Moving to a new city, let alone a new country, can be intimidating and stressful. You hear a lot of rumours about the city (none of them first-hand accounts), you’re scared that you might not be able to fit in, and the prospect of dealing with a foreign language will be daunting. Peter Claridge, a resident of the city, wants to help expats settle into Chennai by dismissing all their fears with his new book, Chennai Expat Guide, which has everything an expat would need — how to find an apartment, where to shop, and where to find the best wine!
Peter tells us how he started writing the book. “I’ve lived in Chennai for eight years now and have been chronicling my adventures and days here on my personal blog. I started writing a book on my smartphone about my daily commute via the Chennai MRTS. It rapidly grew bigger than I’d planned, so I turned it into a full-fledged book.” He goes on to say, “The inspiration behind it was that so many expats have started moving to, and settling down in the city. I wanted to share my experiences with them. Even simple things like getting a broadband connection or a cable connection were incidents that I wanted to share with first-timers in the city.” Relating the story of how he decided to stay in Chennai he says, “I was working in the web development sector in London and was outsourcing to Chennai for a project, and came down for a couple of months. I liked the city so much that I decided to take up a job in Chennai and moved here in 2008. I also met my wife here and we got married at Temple Bay in Mahabalipuram in a traditional Indian ceremony. ”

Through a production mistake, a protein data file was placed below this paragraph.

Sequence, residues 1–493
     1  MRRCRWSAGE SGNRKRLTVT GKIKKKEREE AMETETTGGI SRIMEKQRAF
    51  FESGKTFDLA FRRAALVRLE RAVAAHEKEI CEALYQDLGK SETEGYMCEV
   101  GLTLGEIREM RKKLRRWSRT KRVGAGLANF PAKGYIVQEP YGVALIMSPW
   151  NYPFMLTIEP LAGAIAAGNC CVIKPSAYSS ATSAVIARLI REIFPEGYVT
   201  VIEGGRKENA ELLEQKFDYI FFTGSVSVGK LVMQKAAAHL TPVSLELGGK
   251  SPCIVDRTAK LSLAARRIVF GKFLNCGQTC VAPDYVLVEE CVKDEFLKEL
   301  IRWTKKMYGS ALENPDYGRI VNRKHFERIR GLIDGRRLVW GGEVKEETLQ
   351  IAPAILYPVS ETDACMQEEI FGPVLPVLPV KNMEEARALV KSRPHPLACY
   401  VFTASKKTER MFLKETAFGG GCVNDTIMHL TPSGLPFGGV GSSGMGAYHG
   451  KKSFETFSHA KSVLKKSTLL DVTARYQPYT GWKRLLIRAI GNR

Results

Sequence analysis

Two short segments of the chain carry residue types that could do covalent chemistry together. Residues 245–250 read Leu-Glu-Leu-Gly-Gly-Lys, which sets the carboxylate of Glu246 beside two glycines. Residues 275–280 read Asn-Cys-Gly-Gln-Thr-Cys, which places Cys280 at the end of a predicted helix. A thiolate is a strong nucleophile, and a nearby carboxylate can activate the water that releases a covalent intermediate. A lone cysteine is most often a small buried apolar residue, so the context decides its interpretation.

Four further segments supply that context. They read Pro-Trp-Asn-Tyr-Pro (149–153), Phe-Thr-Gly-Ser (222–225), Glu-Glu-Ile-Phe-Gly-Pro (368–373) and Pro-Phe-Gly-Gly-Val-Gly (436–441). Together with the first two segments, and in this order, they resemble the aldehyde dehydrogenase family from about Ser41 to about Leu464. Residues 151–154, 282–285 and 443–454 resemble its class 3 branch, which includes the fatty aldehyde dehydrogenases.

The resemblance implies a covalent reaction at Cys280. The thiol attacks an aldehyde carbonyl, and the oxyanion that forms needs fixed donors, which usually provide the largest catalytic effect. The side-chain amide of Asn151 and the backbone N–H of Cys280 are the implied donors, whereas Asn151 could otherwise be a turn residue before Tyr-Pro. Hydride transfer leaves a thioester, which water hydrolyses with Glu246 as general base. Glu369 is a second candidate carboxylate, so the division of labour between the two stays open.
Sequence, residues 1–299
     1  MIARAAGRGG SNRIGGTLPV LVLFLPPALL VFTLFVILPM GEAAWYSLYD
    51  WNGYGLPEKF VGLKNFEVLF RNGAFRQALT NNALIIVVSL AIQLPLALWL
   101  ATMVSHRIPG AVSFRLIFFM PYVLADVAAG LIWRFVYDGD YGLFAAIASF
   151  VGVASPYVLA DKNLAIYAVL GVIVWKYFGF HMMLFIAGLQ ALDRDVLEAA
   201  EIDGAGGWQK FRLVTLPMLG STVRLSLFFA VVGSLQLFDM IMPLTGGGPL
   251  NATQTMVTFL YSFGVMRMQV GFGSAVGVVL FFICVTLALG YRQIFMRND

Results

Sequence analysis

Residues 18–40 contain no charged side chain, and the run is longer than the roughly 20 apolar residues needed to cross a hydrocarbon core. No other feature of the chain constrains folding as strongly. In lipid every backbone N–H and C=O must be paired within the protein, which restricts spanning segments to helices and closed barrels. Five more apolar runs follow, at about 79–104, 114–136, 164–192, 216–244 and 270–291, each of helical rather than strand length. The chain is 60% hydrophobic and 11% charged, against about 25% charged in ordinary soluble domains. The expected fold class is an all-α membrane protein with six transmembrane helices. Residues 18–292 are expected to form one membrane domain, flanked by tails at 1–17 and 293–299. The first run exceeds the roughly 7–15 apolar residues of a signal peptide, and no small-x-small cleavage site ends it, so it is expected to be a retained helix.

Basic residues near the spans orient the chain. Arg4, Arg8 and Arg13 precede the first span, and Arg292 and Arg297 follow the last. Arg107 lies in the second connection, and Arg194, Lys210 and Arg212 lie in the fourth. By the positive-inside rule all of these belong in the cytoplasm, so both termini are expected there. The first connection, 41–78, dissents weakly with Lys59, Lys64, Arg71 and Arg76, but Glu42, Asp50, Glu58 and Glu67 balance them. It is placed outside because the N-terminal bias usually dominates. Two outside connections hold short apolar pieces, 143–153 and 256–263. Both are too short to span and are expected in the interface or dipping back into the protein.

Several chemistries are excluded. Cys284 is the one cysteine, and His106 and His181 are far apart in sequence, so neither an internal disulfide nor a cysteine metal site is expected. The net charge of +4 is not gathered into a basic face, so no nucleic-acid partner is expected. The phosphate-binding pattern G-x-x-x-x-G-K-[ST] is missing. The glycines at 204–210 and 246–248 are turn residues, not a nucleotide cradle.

A few instances in the whole book stand out for him. “The floods in December had a very big impact on me. To see people’s reactions and witness the city come together so swiftly was inspiring and I wrote extensively about it. Another time was when I was bitten by a puppy and had to get injections. I called up my mother to ask if I had ever gotten a rabies injection and she freaked out,” he laughs.
He begs to differ with the misconceptions surrounding namma Chennai, and the perception that the city isn’t a great place to live in. “Chennai is a fantastic city. It is unassuming and gives you the freedom to be who you are. No one judges you and it isn’t pretentious like the other cities.” His one piece of advice to expats is, “When I spoke to expats in the city, they said the same thing — come with an open mind, a positive attitude and willingness to socialise with locals. This will play a big part in how much you enjoy your time here.”